What is a trihexaflexagon?
Trihexaflexagons are part of the flexagon family. Eighteen equilateral triangles are folded into a hexagon which reveals three different faces as it is ‘flexed’.
How hexaflexagons came to be
What would you do if you discovered your school note paper did not fit into your folder?
This is the problem Arthur Stone faced when he moved from England to America in 1939, due to the different paper sizes. Arthur Stone cut his school note paper to fit into his folder and was left with long strips of excess paper.
Arthur Stone started folding the paper in different ways. He ended up folding the paper into triangles then he twisted them to form a hexagon. Once he had formed a hexagon, he continued playing with the paper by twisting and flexing it. He then noticed a small hole in the middle of the shape. As he played a bit more with the shape he was able to open it to form a new face (side) to discover the hexaflexagon!
Arthur Stone could not wait to share this discovery with his friends and together, they started a committee to investigate the hexaflexagon further. The committee wanted to understand how the hexaflexagon worked and whether it could be replicated with other shapes. After playing around and folding it in various ways, they found they could recreate it with other shapes.
The trihexaflexagon activity
This activity is designed for students to gain an appreciation of the many wonderful properties of shapes and symmetry. All the instructions and templates are provided on this page.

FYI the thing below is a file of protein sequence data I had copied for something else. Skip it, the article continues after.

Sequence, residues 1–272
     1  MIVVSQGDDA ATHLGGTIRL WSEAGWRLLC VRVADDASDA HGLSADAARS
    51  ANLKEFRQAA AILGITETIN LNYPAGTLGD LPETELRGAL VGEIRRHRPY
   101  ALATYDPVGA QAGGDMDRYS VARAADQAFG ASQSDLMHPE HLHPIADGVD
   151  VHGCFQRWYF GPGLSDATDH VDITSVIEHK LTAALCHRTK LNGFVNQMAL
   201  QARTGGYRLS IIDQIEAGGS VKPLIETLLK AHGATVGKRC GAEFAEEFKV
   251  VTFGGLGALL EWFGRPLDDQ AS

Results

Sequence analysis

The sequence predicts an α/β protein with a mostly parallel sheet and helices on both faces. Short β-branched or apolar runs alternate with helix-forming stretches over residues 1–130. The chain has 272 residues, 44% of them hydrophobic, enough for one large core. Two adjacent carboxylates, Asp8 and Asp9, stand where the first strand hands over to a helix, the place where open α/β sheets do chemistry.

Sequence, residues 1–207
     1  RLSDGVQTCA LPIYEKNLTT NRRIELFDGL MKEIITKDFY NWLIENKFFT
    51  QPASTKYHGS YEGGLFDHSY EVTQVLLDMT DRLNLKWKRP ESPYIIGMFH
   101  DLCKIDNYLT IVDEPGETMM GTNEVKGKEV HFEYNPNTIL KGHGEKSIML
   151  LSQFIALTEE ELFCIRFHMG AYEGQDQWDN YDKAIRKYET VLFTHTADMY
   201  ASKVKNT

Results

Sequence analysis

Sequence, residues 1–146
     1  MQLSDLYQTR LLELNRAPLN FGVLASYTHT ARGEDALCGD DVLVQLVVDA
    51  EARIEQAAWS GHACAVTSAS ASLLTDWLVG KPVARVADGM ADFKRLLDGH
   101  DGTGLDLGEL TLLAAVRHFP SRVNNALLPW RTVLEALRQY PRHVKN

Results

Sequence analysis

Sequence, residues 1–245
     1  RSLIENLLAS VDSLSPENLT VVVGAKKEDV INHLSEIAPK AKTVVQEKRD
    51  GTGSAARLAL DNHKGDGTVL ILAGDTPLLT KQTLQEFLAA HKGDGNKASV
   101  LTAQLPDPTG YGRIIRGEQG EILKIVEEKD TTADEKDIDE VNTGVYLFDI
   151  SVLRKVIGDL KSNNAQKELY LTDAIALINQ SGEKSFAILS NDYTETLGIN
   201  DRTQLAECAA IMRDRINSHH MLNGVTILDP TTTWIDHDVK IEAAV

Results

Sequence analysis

Students can enjoy the trihexaflexagon templates provided or you may like to download blank templates so students can experiment with their own design and try and work out what is happening to the triangles. They can also explore what happens if they fold the flexagon in a different direction and then how to get the faces to return to their correct placement. As an extension students may like to investigate how to find all six faces of a hexahexaflexagon – there are lots of templates for these available on the internet.
We love trihexaflexagons
Our Numeracy Ambassador, Simon Pampena has created some wonderful templates that demonstrate how the symmetry changes when you flex the trihexaflexagon as he explains below:
The symmetry within the trihexaflexagon, with Simon Pampena
How to make a trihexaflexagon
If you have not made one before we recommend you watch Simon Pampena make one:
How to make a trihexaflexagon, with Simon Pampena
Simon has also developed step by step instructions:
There is also an activity guide and detailed illustrations of how the triangles rotate:
2015 National Literacy and Numeracy Week design
Lower primary school students may prefer to create their own tessellation pattern or create different pictures using the Changing Shape activity.
Did you know that mathematicians have made a tessellation discovery? You can read all about it on the Helix @ CSIRO website
Double Helix also has a tessellation explorer activity you can access.